14. LASER SAFETY POLICY Policy Statement

    E-print Network

    Vertes, Akos

    LASER SAFETY POLICY Policy Statement Each department that acquires or operates lasers for use in laboratories or research is responsible for reporting laser acquisition to the Office of Laboratory Safety, selecting a departmental deputy laser safety officer, mandating training for its laser operators

  15. SAFETY IN THE CHEMICAL LABORATORY.

    ERIC Educational Resources Information Center

    STEERE, NORMAN V.

    MONTHLY ARTICLES ON LABORATORY SAFETY THAT APPEARED IN THE "JOURNAL OF CHEMICAL EDUCATION" BETWEEN JANUARY 1964, AND JANUARY 1967, ARE COMBINED IN THIS MANUAL FOR HIGH SCHOOL AND COLLEGE CHEMISTRY TEACHERS. A GENERAL SECTION DEALS WITH (1) RESPONSIBILITY FOR ACCIDENT PREVENTION, (2) SAFETY CONSIDERATION IN RESEARCH PROPOSALS, (3) A SAFETY

  16. Investigation on laser safety informatics

    Microsoft Academic Search

    Chongwen Guan; Shizhan Lei; Yingjian Wang

    2009-01-01

    With the aid of the detection on the multimedia messaging service (MMS) of the laser accidents, novel insecurity factors in laser safety informatics are investigated. By using continuously improved laser self-organization safety system, new concepts of laser safety are developed. Various kinds of accidents can be avoided when comprehensive protective measures are taken.

  17. Handbook for Public Playground Safety.

    ERIC Educational Resources Information Center

    Consumer Product Safety Commission, Washington, DC.

    Playgrounds, being a fundamental part of the childhood experience, should be safe havens for children. This handbook includes technical safety guidelines for designing, constructing, operating, and maintaining public playgrounds. It also includes a "Public Playground Safety Checklist" to highlight some of the most important safety issues for…

  18. Missouri Secondary Science Safety Manual.

    ERIC Educational Resources Information Center

    Lemons, Judith L.

    The purpose of this safety manual is to provide a resource to help manage and minimize potential risks in science classrooms where students spend up to 60% of instructional time engaged in hands-on activities. This manual contains information on standards, legal aspects, and responsibilities for science safety; general laboratory safety for…

  19. Aerospace Safety Advisory Panel

    NASA Technical Reports Server (NTRS)

    1998-01-01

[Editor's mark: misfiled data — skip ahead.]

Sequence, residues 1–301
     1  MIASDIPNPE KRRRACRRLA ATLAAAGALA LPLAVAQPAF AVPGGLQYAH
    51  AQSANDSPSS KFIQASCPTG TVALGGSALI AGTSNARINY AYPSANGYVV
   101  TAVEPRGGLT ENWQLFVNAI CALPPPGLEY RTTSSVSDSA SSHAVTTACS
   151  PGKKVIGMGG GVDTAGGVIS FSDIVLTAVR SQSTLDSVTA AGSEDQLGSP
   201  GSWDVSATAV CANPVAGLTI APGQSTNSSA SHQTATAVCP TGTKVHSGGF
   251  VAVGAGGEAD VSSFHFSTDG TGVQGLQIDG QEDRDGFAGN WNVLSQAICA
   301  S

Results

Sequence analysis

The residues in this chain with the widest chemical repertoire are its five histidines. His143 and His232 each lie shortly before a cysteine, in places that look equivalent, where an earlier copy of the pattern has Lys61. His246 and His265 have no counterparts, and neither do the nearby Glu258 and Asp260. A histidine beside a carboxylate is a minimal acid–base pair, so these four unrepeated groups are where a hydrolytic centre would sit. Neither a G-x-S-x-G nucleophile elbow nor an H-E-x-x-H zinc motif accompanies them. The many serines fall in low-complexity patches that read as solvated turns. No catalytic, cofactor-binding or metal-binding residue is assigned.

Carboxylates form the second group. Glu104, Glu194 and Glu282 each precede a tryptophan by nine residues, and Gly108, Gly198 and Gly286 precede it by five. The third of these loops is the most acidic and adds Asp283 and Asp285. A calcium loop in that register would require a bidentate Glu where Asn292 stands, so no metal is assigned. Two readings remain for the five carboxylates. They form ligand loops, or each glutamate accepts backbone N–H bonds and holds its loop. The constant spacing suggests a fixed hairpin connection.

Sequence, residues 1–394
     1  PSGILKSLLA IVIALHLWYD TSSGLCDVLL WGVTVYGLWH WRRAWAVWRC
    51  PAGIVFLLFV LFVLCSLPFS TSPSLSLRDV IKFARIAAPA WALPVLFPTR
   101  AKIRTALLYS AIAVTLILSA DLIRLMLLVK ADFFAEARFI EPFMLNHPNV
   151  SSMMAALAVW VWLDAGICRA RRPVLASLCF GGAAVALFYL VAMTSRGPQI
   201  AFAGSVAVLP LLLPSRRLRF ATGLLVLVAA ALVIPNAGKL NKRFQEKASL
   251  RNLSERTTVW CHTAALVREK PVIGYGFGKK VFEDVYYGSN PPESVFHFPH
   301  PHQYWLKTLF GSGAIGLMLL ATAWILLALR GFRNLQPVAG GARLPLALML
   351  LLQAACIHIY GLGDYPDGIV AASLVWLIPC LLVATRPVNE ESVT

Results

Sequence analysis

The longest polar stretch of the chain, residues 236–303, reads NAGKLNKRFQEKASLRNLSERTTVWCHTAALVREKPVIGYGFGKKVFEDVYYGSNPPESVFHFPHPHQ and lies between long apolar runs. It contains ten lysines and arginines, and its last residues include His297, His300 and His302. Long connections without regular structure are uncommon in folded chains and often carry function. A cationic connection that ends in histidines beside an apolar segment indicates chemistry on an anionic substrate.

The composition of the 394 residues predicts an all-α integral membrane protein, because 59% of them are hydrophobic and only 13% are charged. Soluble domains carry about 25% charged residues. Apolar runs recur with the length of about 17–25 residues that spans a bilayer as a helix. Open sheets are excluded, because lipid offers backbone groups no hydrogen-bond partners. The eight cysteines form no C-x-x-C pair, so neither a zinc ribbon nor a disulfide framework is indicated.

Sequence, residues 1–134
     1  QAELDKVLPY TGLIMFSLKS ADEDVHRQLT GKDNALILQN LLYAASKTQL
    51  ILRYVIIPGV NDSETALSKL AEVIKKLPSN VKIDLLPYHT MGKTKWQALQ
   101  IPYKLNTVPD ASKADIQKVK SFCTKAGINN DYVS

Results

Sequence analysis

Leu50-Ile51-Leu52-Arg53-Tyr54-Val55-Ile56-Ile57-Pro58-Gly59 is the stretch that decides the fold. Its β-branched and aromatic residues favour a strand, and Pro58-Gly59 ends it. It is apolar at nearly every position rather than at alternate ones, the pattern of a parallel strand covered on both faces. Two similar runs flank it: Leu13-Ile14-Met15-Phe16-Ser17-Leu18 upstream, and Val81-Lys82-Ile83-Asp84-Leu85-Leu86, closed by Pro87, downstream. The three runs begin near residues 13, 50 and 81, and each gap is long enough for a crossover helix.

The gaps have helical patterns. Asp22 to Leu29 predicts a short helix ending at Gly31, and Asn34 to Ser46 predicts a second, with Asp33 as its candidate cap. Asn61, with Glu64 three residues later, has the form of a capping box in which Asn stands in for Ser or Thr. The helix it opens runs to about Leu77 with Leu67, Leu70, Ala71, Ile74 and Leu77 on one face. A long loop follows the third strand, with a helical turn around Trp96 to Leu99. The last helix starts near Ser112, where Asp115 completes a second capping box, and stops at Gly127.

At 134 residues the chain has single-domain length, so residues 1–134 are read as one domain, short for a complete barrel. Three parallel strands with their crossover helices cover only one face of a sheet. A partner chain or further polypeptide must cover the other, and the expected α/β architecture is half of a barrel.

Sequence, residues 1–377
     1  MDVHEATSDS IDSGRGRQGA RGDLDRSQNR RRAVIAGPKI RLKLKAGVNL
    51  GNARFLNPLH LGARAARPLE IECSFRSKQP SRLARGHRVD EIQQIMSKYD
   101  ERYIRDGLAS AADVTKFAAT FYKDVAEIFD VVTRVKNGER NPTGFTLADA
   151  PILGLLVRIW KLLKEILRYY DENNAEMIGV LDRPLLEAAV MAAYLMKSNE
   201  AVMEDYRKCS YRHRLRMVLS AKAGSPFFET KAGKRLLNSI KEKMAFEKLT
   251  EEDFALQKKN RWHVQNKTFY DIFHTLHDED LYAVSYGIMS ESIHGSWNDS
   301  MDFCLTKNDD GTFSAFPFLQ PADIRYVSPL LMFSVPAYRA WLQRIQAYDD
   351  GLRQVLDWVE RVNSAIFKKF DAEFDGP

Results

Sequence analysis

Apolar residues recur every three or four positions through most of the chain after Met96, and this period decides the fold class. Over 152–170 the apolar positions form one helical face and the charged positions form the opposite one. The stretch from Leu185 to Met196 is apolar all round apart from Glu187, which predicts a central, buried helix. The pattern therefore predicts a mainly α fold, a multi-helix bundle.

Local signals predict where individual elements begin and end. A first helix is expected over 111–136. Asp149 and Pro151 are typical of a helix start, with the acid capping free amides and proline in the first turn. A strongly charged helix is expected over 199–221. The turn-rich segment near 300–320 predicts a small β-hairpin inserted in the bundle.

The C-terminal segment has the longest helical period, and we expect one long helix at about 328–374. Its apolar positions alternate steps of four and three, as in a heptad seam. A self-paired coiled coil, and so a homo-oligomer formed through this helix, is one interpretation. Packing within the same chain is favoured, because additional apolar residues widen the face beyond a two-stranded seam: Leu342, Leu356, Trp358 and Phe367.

During 1997, the Aerospace Safety Advisory Panel (ASAP) continued its safety reviews of NASA's human space flight and aeronautics programs. Efforts were focused on those areas that the Panel believed held the greatest potential to impact safety. Continuing safe Space Shuttle operations and progress in the manufacture and testing of primary components for the International Space Station (ISS) were noteworthy. The Panel has continued to monitor the safety implications of the transition of Space Shuttle operations to the United Space Alliance (USA). One area being watched closely relates to the staffing levels and skill mix in both NASA and USA. Therefore, a section of this report is devoted to personnel and other related issues that are a result of this change in NASA's way of doing business for the Space Shuttle. Attention will continue to be paid to this important topic in subsequent reports. Even though the Panel's activities for 1997 were extensive, fewer specific recommendations were formulated than has been the case in recent years. This is indicative of the current generally good state of safety of NASA programs. The Panel does, however, have several longer term concerns that have yet to develop to the level of a specific recommendation. These are covered in the introductory material for each topic area in Section 11. In another departure from past submissions, this report does not contain individual findings and recommendations for the aeronautics programs. While the Panel devoted its usual efforts to examining NASA's aeronautic centers and programs, no specific recommendations were identified for inclusion in this report. In lieu of recommendations, a summary of the Panel's observations of NASA's safety efforts in aeronautics and future Panel areas of emphasis is provided. With profound sadness the Panel notes the passing of our Chairman, Paul M. Johnstone, on December 17, 1997, and our Staff Assistant, Ms. Patricia M. Harman, on October 5, 1997. Other changes to the Panel composition during the past year were: the resignation of Mr. Dennis E. Fitch as a Consultant; the appointment of Mr. Roger D. Schaufele as a Consultant; and the assignment of Ms. Susan M. Smith as Staff Assistant.